Working on the greener garden
Here are some tips to grow an even “greener” garden! From using vinegar for bug control to growing companion plants.
Whether you’re a budding gardener or a horticulture hero, you might be wondering how to plant a garden that’s better for the Earth — and healthier for you.
If you’re considering growing plants at home or in a community garden, here are some ways to get started with a natural garden.
Chemical fertilizers and pesticides may keep pests away, but they can also contain harmful ingredients. Instead, consider these natural alternatives to enhance your garden and make sure it’s as safe and healthy as possible for you, your family, and your pets. Best of all, some of these hints don’t require a trip to the hardware store — or cost anything at all!
Love the Bees.
When planting your garden, choose plants that attract natural pollinators, like bees and butterflies. Think wildflowers, melons, squash and cucumbers. Bees will buzz around your garden, collecting pollen, which they’ll carry to other plants — a process called cross-pollination. This helps plants produce more seeds, which in turn produces more flowers. Our honey-making friends work hard to keep your garden beautiful.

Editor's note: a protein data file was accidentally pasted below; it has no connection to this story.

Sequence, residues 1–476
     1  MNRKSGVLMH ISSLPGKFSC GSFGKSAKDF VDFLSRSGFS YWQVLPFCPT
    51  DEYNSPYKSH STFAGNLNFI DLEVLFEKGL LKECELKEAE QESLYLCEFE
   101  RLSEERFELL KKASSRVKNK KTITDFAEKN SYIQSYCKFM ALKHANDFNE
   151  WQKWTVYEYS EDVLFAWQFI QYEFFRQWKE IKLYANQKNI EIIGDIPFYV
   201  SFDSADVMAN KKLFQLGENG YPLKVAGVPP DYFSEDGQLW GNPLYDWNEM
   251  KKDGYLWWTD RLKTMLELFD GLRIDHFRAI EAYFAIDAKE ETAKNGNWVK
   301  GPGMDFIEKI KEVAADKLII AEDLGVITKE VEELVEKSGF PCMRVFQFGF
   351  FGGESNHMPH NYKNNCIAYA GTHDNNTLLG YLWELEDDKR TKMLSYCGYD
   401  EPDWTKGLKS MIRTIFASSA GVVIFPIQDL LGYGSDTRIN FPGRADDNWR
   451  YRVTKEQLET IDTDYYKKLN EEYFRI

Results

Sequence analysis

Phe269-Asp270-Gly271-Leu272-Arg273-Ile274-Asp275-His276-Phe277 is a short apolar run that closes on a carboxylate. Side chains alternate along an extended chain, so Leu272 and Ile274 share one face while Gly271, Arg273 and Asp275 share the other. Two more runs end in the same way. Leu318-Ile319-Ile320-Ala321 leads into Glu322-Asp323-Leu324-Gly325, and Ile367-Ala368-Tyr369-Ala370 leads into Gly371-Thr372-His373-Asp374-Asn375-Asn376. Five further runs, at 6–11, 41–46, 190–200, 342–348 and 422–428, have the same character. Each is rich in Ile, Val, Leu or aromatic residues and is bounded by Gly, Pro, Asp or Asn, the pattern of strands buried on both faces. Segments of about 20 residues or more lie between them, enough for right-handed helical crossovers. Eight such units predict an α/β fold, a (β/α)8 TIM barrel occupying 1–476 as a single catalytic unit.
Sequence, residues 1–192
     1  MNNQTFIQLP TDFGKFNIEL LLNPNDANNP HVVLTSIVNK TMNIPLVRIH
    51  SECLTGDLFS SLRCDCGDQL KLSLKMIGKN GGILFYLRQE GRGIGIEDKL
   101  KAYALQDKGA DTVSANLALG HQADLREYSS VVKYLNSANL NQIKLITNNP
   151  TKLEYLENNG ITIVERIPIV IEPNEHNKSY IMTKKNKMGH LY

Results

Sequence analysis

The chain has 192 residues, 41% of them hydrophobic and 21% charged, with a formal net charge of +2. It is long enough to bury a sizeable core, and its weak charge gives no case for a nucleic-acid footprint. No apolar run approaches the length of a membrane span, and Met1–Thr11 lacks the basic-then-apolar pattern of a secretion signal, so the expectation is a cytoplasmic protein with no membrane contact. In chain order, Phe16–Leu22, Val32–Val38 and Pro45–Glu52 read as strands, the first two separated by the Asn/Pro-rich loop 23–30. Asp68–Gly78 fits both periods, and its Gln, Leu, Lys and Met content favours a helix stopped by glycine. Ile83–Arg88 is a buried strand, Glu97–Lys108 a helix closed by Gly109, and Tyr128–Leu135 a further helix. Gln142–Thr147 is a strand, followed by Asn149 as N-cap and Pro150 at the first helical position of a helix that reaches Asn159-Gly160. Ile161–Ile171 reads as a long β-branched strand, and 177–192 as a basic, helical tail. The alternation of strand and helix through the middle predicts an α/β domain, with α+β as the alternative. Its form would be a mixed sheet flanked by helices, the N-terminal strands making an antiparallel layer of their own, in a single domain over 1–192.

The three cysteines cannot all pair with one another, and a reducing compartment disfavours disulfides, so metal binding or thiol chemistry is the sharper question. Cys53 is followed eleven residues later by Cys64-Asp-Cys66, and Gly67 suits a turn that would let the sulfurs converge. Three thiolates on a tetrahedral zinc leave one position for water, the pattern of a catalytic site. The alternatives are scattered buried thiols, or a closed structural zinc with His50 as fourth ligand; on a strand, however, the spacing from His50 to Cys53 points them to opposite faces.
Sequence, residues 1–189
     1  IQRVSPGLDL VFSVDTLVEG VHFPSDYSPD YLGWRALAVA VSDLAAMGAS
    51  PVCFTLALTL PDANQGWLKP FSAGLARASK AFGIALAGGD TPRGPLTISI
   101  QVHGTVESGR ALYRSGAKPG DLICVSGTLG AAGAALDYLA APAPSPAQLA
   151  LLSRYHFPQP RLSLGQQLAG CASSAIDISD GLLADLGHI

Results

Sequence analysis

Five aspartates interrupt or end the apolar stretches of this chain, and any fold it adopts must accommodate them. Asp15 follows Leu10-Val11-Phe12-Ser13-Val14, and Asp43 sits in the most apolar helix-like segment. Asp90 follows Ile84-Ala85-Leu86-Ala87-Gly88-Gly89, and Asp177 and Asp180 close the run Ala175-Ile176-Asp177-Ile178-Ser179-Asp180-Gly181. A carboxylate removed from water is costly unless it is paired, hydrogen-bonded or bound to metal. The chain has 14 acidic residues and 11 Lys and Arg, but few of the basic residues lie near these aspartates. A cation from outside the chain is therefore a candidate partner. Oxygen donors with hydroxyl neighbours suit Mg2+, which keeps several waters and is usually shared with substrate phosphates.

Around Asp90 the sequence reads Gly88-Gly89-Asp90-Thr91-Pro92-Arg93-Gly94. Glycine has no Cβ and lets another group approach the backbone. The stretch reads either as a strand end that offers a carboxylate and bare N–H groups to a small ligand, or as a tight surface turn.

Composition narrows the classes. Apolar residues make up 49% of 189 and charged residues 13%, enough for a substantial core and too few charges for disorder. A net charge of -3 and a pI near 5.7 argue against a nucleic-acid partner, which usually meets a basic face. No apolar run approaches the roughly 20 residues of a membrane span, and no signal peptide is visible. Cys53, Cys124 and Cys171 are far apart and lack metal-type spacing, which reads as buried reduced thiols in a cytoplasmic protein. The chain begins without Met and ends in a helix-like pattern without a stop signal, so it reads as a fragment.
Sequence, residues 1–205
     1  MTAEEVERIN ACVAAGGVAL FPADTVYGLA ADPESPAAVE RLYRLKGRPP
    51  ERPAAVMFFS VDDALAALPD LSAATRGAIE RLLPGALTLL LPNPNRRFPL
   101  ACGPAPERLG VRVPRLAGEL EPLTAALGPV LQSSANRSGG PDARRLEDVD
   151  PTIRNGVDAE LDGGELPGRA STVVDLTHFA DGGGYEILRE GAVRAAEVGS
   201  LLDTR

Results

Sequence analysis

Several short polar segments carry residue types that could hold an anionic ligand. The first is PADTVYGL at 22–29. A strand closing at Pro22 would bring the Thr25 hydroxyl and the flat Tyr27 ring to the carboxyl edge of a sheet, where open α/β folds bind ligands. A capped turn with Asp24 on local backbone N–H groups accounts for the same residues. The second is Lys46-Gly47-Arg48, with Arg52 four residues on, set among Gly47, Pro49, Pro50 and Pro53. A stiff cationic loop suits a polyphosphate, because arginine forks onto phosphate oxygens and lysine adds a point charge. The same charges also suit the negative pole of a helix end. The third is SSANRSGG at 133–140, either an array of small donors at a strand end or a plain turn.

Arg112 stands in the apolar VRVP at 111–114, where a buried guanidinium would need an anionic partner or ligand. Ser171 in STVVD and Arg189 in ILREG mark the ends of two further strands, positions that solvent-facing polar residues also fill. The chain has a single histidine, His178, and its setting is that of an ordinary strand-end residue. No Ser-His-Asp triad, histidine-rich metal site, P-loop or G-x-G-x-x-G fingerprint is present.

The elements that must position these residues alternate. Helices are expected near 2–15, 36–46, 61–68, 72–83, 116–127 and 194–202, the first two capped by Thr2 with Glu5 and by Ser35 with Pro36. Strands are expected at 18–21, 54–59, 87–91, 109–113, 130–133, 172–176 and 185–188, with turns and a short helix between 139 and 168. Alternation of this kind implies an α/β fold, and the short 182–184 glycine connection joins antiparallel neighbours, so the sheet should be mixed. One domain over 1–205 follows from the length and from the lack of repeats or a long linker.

You might think crop rotation is only for big farms. But “needy” plants, like tomatoes or corn, can strip nutrients from even a small patch of healthy soil. Consider the location of your greenery and change it yearly for optimal land health.
Companion plants are placed close together that mutually benefit each other. They’re often used to ward off pests, control weeds and regulate sunlight. For example, consider planting carrots with your tomatoes. Tomatoes offer shade and repel pests, while carrots aerate the soil. Placing certain plants next to each other can help maximize your garden’s overall health.
Vinegar - natural pest control.
Want to prevent pests from invading your plants? Try white vinegar. Combine 3 parts water and 1 part white vinegar in a spray bottle. Spray around the base of your plants weekly to keep bugs away. (Don’t forget to check for pests regularly.)
Coffee grounds for rich soil.
Have used coffee grounds lying around? These spent grounds are good for more than just the trash bin — they release nutrients like nitrogen, phosphorus and magnesium into the soil, helping plants not just grow but thrive. Spread them around the earth to naturally fertilize your garden.
By creating a diverse and healthy garden, you can help bees, soil insects, and animals feed off them. Reducing the use of synthetic pesticides and fertilizers creates a happy environment for our fellow creatures.